John traveled the globe as an editorial photographer for Newsweek, photographing domestic and international news and politics.
About John Ficara - comments by Bill Gentile
I chose John Ficara for the current edition of Featured Professional because his path to video follows that of so many of us who began as still photographers. John's path crossed mine decades ago when we both worked for Newsweek Magazine, John as a White House photographer based in the Washington, DC, area, and I as the magazine's Contract Photographer for Latin America and the Caribbean based in Nicaragua.
For many years, John traveled the globe as an editorial photographer for Newsweek, photographing domestic and international news and politics. His assignments have taken him to 84 countries around the world. He covered the White House for Newsweek through five presidential campaigns and four administrations and has produced 38 cover images for Newsweek as well as covers for a variety of domestic and international magazines.
He has won numerous awards and honors including a DESI for his Newsweek Magazine cover photograph of Pope John Paul II in the Philippines and in 1992, a National Headliners Award for "Feature Photography" for his Persian Gulf coverage leading up to the war. His photographs have received awards from World Press Photo, the National Press Photographers Association and the White House News Photographers Association. His editorial work has appeared in editions of American Photography, which honors the best in American photography in editorial, advertising and fine art. Most recently, a selection of his images appear in book projects Maryland 24/7 and A Day in the Life of the U.S. Armed Forces.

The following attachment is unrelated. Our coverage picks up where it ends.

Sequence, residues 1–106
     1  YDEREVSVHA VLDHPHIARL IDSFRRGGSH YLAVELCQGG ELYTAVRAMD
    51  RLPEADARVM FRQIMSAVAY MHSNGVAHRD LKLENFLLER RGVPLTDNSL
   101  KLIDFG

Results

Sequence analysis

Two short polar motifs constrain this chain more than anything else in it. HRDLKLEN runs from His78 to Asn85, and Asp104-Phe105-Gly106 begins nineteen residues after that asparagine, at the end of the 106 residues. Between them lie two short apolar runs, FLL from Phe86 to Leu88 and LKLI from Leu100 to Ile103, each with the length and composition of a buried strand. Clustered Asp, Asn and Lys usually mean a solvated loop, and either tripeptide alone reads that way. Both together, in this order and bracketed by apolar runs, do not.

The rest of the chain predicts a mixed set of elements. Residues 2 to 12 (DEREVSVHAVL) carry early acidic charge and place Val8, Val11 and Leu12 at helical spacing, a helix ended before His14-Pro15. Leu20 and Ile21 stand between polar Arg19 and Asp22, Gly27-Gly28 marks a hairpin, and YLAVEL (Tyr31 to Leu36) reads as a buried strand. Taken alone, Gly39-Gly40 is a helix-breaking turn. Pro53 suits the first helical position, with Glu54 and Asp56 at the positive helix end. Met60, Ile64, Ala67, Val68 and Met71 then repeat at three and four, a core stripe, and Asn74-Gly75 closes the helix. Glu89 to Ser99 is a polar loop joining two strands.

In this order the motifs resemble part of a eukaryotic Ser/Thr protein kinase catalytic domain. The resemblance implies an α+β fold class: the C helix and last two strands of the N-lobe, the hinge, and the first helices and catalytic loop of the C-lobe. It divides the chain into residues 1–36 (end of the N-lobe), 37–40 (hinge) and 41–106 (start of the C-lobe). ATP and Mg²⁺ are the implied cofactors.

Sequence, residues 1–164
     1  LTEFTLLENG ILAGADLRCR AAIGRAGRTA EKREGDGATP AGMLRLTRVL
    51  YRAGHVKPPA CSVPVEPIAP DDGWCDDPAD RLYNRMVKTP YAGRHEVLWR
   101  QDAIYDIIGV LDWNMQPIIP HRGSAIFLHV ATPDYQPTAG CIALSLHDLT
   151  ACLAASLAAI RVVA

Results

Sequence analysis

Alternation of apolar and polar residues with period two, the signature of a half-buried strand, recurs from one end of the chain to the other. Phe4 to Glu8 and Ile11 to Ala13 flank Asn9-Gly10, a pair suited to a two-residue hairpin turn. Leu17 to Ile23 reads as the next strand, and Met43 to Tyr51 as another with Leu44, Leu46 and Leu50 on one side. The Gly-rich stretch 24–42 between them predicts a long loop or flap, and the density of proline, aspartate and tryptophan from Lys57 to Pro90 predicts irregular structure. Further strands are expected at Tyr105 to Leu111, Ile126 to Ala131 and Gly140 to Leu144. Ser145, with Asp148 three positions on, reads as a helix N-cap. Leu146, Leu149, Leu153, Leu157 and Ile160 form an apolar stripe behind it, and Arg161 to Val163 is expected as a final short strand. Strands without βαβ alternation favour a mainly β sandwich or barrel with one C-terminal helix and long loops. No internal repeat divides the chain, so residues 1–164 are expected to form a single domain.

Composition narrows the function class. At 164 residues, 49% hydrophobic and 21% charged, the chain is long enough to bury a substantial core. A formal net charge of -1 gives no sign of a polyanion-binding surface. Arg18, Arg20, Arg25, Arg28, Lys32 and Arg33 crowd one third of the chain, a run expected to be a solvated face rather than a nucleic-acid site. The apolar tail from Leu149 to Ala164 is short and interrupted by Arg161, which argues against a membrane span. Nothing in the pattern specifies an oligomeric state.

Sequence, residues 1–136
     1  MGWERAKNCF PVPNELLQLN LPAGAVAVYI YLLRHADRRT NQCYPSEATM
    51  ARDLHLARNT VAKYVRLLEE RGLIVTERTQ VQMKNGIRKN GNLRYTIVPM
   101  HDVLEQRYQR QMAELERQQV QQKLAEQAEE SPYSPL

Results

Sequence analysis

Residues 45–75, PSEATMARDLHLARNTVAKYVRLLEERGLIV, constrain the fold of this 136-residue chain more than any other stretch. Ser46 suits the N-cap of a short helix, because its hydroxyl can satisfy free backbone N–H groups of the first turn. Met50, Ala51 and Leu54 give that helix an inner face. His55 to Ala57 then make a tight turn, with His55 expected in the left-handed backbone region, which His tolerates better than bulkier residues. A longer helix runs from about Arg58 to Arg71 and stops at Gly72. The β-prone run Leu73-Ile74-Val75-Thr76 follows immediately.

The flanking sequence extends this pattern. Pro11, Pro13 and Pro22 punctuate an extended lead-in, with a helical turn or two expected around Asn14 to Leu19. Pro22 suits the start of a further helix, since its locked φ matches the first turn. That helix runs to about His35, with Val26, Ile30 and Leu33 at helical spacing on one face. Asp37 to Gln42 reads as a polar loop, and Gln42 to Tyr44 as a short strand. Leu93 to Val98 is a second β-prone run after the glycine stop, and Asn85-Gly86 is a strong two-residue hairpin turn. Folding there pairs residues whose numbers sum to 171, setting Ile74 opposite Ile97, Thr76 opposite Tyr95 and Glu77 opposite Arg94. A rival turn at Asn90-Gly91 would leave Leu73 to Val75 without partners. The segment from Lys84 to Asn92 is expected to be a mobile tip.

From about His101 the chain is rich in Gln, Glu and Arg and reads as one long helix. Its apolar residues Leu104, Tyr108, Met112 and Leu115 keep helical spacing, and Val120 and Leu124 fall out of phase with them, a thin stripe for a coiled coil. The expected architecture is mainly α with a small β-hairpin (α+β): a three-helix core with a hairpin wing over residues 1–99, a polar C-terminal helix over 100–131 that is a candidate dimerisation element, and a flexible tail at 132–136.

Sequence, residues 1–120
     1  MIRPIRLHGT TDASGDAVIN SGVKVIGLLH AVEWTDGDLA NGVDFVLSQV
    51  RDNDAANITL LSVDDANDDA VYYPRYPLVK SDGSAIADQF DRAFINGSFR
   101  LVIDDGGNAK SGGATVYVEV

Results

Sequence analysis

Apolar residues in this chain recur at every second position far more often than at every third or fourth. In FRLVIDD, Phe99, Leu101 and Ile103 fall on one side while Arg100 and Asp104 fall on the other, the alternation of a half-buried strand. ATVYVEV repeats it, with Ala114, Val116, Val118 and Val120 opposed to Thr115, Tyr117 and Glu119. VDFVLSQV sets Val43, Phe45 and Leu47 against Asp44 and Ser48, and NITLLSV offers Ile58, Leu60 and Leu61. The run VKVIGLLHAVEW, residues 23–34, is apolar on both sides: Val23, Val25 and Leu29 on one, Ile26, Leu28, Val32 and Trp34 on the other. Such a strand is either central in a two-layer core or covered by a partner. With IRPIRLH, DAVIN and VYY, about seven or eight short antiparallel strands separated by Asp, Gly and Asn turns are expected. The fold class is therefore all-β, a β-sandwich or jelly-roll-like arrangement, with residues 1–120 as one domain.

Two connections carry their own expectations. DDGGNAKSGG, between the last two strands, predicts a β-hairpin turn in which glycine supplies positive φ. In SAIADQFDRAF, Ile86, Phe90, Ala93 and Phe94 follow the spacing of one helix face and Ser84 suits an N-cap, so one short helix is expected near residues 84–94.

I believe some of John's best and most important work appears in The American Black Farmers Project, in which he documents the disappearing black family farmer in America. That body of work has been awarded the White House News Photographers Documentary Grant and the National Press Photographers/Nikon Documentary Sabbatical Grant. The project resulted in the critically acclaimed book BLACK FARMERS IN AMERICA, published by the University Press of Kentucky. Also, the Reginald F. Lewis Museum in Baltimore is traveling, DISTANT ECHOES: BLACK FARMERS IN AMERICA, a collection of sixty images from this project, around the United States.
Though John still is transitioning into video, his route is one with which many still photographers are very familiar. The methodology that we call "backpack journalism" is, in fact, based more on the tradition and techniques of documentary photojournalism as opposed as the techniques used to produce the 6 o'clock news. You can see some of John's video work at http://www.johnficara.com/pages/4/Multimedia/Multimedia.